Music was and is an essential part of daily life in Hungary.

Sir Georg Solti
Budapest Festival Orchestra

31 May 2019, 19.45-22.00

Grand Hall

Budapest Festival Orchestra Presented by Liszt Academy

Mendelssohn: Hebrides - overture
Schumann: Cello Concerto in A minor, Op. 129
Tchaikovsky: Symphony No. 6 in B minor, Op. 74 (‘Pathetique’)

Gautier Capuçon (cello)
Budapest Festival Orchestra
Conductor: Leonidas Kavakos

Leonidas Kavakos is a soloist considered as simply outstanding by each and every member of the Festival Orchestra. The Greek violinist has also been hugely successful as conductor; here we see this side of him. Mendelssohn wrote one of his most popular overtures at the age of 22 as a reflection on his Europe round-trip; it was specifically inspired by the breathtaking sight of the group of islands off the coast of Scotland after which the piece was named. Motifs of the Hebrides Overture, which evoke the ever-changing state of the sea, have been used in feature films, cartoons and even video games. Frenchman Gautier Capuçon is the 21st century’s ambassador of the cello, an artist who is moved first and foremost by intuition in music. He has a virtuoso, expressive and dramatic presence, yet he retains an otherworldly etherealness. He plays the highpoint of Schumann’s cello concerto, the poignant, lyrical second movement, on the brilliantly sounding Goffriller cello. Symphony No. 6 was the last symphony completed by Tchaikovsky. The first and closing movements are drenched in profound pain and sorrow, while in the middle two movements there is light dance music and an impetuous march. According to Tchaikovsky, the symphony had a ‘subjective’ programme; but the composer was never to reveal what he meant by this, a fact which has fed much speculation. Following his unexplained death, which occurred nine days after the premiere of Symphony No. 6, there was increasing feeling that actually the dramatic work constituted the ‘farewell letter’ of the composer.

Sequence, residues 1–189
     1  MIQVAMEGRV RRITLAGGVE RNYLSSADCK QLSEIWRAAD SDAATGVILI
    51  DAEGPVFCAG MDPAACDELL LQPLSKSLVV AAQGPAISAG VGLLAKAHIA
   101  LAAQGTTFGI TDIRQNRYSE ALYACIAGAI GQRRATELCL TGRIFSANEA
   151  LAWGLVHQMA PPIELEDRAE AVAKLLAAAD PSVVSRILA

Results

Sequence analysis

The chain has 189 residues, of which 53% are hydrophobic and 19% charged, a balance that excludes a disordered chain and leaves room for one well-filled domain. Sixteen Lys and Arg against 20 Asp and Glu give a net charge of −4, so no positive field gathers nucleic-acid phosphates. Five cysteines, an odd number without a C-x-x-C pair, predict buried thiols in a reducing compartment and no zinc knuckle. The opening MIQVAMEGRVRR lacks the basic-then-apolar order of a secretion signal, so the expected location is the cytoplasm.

Presented by

Budapest Festival Orchestra


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